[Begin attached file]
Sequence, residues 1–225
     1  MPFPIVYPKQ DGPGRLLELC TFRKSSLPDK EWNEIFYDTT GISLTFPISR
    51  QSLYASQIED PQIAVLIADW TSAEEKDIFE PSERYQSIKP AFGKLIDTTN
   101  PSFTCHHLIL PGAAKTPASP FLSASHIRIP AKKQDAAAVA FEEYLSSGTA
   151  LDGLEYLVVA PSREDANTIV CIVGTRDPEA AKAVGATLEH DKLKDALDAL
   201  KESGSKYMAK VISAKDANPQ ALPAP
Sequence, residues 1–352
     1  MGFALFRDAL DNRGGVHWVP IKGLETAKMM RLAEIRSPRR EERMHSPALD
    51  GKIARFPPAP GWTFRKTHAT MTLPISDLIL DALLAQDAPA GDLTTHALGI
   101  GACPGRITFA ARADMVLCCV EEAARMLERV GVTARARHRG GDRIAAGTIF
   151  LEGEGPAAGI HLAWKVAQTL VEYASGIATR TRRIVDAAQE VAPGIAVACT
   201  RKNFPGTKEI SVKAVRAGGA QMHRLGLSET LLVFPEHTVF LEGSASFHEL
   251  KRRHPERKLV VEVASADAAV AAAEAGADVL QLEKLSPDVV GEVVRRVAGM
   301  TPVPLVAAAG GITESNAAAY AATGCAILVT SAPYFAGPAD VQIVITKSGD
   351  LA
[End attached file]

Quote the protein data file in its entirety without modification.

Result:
Sequence, residues 1–225
     1  MPFPIVYPKQ DGPGRLLELC TFRKSSLPDK EWNEIFYDTT GISLTFPISR
    51  QSLYASQIED PQIAVLIADW TSAEEKDIFE PSERYQSIKP AFGKLIDTTN
   101  PSFTCHHLIL PGAAKTPASP FLSASHIRIP AKKQDAAAVA FEEYLSSGTA
   151  LDGLEYLVVA PSREDANTIV CIVGTRDPEA AKAVGATLEH DKLKDALDAL
   201  KESGSKYMAK VISAKDANPQ ALPAP
Sequence, residues 1–352
     1  MGFALFRDAL DNRGGVHWVP IKGLETAKMM RLAEIRSPRR EERMHSPALD
    51  GKIARFPPAP GWTFRKTHAT MTLPISDLIL DALLAQDAPA GDLTTHALGI
   101  GACPGRITFA ARADMVLCCV EEAARMLERV GVTARARHRG GDRIAAGTIF
   151  LEGEGPAAGI HLAWKVAQTL VEYASGIATR TRRIVDAAQE VAPGIAVACT
   201  RKNFPGTKEI SVKAVRAGGA QMHRLGLSET LLVFPEHTVF LEGSASFHEL
   251  KRRHPERKLV VEVASADAAV AAAEAGADVL QLEKLSPDVV GEVVRRVAGM
   301  TPVPLVAAAG GITESNAAAY AATGCAILVT SAPYFAGPAD VQIVITKSGD
   351  LA